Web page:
Additional QESI

Depending on your income, you can also earn an extra 5% to 10% off the first $500 you contribute each year. This means eligible low- and middle-income families could also receive an additional $50 per year, calculated using net family income. This is in addition to the standard QESI government contributions. We can help you learn more about this.

Our specialists will ensure you get all the grants you’re entitled to.

Canada Learning Bond (CLB)

For families with modest incomes, the CLB is based on adjusted net family income and the number of children in a family. This bond provides a one-time initial grant payment of $500. From there, the government will automatically add $100 to your RESP for each year of eligibility until the child is 15-years old. That could mean as much as $2,000 in additional government grants. We can help you learn more about this.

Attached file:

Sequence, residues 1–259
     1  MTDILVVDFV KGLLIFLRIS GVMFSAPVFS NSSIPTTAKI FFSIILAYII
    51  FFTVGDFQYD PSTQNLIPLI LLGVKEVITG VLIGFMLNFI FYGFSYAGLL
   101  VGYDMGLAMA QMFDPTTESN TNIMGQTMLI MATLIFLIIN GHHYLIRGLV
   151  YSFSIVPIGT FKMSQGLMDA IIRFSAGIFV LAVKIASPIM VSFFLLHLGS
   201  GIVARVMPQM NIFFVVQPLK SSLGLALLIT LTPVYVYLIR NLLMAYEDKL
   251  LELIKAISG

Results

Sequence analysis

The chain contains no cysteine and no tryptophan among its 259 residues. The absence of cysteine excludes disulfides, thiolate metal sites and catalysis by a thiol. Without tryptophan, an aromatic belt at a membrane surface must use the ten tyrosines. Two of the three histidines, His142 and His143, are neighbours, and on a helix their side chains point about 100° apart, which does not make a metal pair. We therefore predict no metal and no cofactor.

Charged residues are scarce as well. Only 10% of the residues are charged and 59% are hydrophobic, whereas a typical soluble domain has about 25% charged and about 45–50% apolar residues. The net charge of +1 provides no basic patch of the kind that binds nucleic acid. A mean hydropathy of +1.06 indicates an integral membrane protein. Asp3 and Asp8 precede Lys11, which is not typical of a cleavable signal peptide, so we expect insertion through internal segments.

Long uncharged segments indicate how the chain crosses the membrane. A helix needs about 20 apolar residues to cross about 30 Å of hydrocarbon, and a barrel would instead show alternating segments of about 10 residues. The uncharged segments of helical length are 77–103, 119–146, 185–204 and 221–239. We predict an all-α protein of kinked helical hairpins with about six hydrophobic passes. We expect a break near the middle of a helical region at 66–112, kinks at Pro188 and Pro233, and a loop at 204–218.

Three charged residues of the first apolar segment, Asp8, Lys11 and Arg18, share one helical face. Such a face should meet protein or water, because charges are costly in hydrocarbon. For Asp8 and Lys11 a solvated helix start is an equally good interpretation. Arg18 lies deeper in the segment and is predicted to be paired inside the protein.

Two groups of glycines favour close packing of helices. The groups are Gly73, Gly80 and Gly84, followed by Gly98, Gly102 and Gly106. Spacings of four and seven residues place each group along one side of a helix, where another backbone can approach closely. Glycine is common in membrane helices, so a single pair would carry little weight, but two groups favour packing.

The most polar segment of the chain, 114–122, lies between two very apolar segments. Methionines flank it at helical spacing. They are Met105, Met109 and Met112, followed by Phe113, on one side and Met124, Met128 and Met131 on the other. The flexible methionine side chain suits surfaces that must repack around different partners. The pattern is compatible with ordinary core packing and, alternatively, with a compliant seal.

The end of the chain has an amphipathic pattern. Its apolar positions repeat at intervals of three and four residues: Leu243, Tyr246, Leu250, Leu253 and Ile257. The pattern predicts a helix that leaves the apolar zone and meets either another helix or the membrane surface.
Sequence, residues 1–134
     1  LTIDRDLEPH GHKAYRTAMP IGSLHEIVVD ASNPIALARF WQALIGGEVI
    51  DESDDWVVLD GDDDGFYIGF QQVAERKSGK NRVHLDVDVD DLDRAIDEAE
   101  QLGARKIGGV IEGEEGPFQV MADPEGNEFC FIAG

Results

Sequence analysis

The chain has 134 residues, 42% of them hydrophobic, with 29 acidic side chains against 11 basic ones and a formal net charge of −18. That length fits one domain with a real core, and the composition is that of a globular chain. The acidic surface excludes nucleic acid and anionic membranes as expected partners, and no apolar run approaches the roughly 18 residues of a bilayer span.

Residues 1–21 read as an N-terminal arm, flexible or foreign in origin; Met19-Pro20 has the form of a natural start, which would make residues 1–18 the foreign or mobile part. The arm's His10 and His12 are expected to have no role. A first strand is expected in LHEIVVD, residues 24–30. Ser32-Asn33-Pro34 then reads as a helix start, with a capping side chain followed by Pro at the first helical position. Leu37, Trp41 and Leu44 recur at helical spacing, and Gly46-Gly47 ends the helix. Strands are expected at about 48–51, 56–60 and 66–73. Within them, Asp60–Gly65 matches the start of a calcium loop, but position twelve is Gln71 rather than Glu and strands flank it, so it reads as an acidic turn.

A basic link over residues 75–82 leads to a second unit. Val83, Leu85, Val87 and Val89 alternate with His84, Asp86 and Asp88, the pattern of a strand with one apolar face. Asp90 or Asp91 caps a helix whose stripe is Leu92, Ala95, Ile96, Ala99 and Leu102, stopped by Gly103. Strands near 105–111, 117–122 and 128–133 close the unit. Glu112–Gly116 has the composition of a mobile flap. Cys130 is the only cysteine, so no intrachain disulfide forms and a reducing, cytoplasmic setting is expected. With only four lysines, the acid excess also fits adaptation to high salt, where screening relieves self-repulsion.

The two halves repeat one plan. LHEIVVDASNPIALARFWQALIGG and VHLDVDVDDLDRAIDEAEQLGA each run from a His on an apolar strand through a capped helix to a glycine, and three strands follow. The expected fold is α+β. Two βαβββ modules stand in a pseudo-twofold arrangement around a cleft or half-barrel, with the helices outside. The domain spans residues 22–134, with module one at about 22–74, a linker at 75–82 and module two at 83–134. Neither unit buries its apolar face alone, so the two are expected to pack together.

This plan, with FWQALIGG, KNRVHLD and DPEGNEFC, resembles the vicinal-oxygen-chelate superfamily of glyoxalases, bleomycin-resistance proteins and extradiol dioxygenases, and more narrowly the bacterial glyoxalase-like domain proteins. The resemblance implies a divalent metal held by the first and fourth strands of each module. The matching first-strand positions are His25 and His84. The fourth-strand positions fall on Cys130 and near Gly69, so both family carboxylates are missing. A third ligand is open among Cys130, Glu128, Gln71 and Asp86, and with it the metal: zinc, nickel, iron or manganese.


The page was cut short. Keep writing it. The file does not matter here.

Special requirements for 18-20 year olds

This age group may still be eligible to receive the CLB and get up to $2,000 into an RESP. The amount received depends on the number of years they were eligible to receive the CLB before turning 15. We can help you learn more about this.

How the Canada Learning Bond is Calculated

Number of childrenAdjusted net family income for the 2023-2024 year

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Our specialists will ensure you get all the grants you’re entitled to.

Frequently Asked Questions

Create Your Tomorrow

You and your child are moving forward together. Every step gets you closer to everything you hope for and everything they can be. It’s a destination where needs and dreams align, supported by your plans for a post-secondary education. We’re committed to your success and want to show you how.